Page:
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The case of the missing staple

staples.jpgNo, this isn’t a new Encyclopedia Brown adventure. Rather, it’s the story of a massive blunder Down Under. Back in the late 80s or early 90s, two men were convicted of the brutal rape and murder of a Sydney woman. In 1992, they lost their final appeal, which should’ve been the end of their legal story. However, “an astonishing blunder” of “sloppy record keeping” has brought the story back to life.

Seems that, at some point in the Austrailian judicial process, you get a Crown Indictment (I’m too lazy to look all this up, but I’m guessing it’s something like a final verdict). Australian laws and the rules of the New South Wales Supreme Court require this Indictment to be fixed to the court file in order for the Crown Indictment to be “finalised.” And while there are staple holes in the top of the indictment, there is no actual staple, so the killers’ lawyers are arguing that the Indictment was never properly finalized.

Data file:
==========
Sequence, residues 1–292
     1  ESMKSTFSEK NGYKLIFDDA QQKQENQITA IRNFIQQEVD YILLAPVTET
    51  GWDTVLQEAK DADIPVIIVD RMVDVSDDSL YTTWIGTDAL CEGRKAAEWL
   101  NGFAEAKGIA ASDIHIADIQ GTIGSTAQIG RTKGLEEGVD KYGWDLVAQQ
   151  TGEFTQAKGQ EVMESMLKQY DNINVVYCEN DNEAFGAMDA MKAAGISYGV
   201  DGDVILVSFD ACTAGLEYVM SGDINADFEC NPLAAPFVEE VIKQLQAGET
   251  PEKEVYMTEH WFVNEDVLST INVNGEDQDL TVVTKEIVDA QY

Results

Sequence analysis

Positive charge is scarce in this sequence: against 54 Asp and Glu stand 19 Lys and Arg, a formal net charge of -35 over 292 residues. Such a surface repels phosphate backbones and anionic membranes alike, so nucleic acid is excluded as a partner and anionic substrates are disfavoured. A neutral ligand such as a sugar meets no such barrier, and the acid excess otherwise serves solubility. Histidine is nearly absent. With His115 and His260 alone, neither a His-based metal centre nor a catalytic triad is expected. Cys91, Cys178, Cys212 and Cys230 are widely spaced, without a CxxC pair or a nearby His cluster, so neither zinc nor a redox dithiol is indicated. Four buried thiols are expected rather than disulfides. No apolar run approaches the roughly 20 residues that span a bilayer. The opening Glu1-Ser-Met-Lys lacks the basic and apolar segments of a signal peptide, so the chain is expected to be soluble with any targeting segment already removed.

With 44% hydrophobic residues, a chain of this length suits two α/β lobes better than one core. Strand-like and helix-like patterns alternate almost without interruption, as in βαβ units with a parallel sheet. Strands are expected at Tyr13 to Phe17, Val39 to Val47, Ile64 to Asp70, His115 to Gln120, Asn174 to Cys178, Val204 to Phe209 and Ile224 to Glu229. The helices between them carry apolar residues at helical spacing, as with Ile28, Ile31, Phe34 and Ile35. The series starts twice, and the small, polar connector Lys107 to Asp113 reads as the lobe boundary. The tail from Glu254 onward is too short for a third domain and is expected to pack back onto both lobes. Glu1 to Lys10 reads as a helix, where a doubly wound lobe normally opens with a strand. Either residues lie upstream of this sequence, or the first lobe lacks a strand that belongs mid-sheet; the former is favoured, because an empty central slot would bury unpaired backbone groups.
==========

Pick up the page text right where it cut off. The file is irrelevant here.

And last year, the Court of Criminal Appeal agreed that the staple holes alone weren’t enough to establish that the Indictment had been attached to the court file. Nevertheless, the court tossed the killers’ appeal as to their sentence anyway. But now the Supreme Court has agreed to hear their appeal this September, which has led to an outcry of outrage from the community, since it means these men could arguably have their sentence overturned due to a missing staple.

As a result of this outrage, there’s now a massive review being done of every criminal file in the New South Wales Supreme Court’s records, to make sure no other staples are missing. And the Supreme Court is also going to look into closing that little loophole in its rules, which sounds like a good idea.